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October 10, 2013
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Khanum Sevilay Begotoglu of Dalachi Yurtu by Gambargin Khanum Sevilay Begotoglu of Dalachi Yurtu by Gambargin
Another quick concept drawing for the Steppe Women Warriors of Project: Blood and Steel, a part Historically Wrong Sketch Series based in the 17th century era. Her character is inspired from the various steppe people that settled along the Crimea and Caucasus mountains, mainly the Kazakh and Tatars, some of which developed a semi-independent sovereignty over the Crimean Peninsula called the Crimean Khanate.

Inspired by the Music: Algirma by Enkh Jargal www.youtube.com/watch?v=PJb7Le… (Modern Mongolian Throat Singing)

The history of steppe people was filled with tales and stories of both brave and bold warriors, whose mastery of the saddle was unmatched by any other people in the world. It is sad, that in my opinion, their legacy became more and more obscure as their neighbors grew in power, and their land were contested by the ambitious turks, russians and others. A good example would be one of the longest lasting Turkic Khanate, the Crimean Khanate, populated mostly by the Tatar people that lasted from late 15th century to mid 18th century.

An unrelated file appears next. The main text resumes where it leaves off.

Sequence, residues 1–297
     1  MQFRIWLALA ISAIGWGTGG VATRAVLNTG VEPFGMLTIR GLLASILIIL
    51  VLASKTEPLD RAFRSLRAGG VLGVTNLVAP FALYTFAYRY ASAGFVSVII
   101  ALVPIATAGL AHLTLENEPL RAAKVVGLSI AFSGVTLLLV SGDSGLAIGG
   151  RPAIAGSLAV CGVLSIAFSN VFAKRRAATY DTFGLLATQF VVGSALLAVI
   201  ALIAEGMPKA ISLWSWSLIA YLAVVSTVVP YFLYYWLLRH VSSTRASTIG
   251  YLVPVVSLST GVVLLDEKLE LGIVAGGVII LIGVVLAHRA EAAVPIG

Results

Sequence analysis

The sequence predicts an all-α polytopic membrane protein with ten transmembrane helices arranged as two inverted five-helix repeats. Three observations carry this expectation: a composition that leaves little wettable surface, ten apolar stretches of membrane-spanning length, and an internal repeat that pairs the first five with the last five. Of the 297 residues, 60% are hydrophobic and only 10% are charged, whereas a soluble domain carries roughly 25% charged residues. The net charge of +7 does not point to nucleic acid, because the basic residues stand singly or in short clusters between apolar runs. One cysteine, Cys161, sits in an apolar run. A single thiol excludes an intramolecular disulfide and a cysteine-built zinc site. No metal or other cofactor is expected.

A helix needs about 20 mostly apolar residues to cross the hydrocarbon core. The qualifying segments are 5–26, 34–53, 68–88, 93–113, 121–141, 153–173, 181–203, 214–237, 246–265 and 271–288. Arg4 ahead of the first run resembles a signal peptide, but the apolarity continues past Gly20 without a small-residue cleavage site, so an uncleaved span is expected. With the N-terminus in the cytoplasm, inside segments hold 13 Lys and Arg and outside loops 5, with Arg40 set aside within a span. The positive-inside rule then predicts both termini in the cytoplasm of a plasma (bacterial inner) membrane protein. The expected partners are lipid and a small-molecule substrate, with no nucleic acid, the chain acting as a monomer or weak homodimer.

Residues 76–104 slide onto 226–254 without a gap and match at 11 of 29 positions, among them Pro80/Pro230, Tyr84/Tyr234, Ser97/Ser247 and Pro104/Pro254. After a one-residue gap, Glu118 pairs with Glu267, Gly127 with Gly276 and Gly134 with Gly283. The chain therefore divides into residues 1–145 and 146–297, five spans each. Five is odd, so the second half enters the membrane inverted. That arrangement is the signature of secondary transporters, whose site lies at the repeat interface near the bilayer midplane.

The khanate itself was born after several Kypchak clans under the golden horde decided to settle down in Crimea. After a series of conflict, they became Ottoman protectorate in 1475 and developed a close relationship that was comparable to that of the Polish-Lithuanian Commonwealth of the same era. By the late 17th century, the Ottomans power was weakening, and the balance of power had shifted to the Russian Empire who wanted to control the Crimea and securing their access to the Black Sea. In the mid 18th century, conflict conflict erupted between the 2 giants and would soon evolve to the bloody Russo-Turkish war which ended with the Russian victory, claiming the Crimean Independence with allegiance to the Tsar's banner. Although the Khanate itself was 'liberated' after the war from the Ottomans, the growing influence of the Russian and internal conflict led to civil wars, which finally ended with the annexation of the Khanate itself by the Russian Authority, therefore closing the chapter of generations of the steppe people's independence. It was a sad ending in my opinion, but their legacy always remains in the annals of history.